For the main course we both picked veal. I normally wouldn’t, in France, but we had a translation failure. The dish was “noix de veau” (nuts of veal, eh?) and when we asked our waiter what part of the animal that was, he definitely seemed to give a knowing smile when he replied “it is the best part”. Well, a nudge is as good as a wink. We thought we were going to get goolies, but in fact we got fillet. Nicely cooked, though the bacon stuffing was a bit salty and the dish otherwise didn’t consist of anything very interesting; few peas, bit of non-descript puree. The other main was a Moroccan-inspired lamb dish that our friends enjoyed much more.

Best dish of the meal? The cheese course, which was a little yogurt pot filled with warm, gooey, ripe reblochon topped with a creamy olive emulsion. It was the definition of funky.

My dessert was a lovely idea on paper; themes of chocolate and tarragon. But in the event the chocolate elements were thoroughly rich and gooey, against which the light and delicately flavoured tarragon (a cream and a sorbet) didn’t stand a chance. It was like throwing snowballs into lava. We took the wine pairings with this meal, and I’ve got to note that I’ve never been offered a more frankly bizarre wine pairing than a crisp, dry sparkling white with a rich chocolate pud. Doubly odd that Maureen got the same bubbly with her lemon and lime dessert; a richly lemon curd-y souffle with a pipette of kaffir lime oil (mmm… good), a bright kaffir lime sorbet and a layered lime jelly with a lemon foam.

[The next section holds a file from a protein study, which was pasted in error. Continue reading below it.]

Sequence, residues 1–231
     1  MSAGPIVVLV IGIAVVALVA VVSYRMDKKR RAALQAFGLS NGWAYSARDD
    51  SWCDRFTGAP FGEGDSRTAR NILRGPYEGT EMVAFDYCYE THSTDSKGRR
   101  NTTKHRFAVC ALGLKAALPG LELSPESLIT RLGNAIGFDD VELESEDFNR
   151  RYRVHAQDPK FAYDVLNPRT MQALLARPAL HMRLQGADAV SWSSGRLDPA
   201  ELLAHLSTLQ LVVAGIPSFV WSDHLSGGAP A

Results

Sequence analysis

This was a beautifully presented meal, but quite a few dishes fell short of their ambition and for this reason it wasn’t really worth the 78 euros each (without drinks) that they’re asking. However, the ambition and invention is lively enough that I do think on a different night Le Gambetta might put out a very memorable meal. So I wouldn’t count it out, if you’re planning a trip to the Loire and want to take a chance.

* – if you are ever in Saumur, definitely book a table at L’Escargot for a dinner of perfectly executed French cooking, mostly classic, served up with great local wines and at a very delicious price.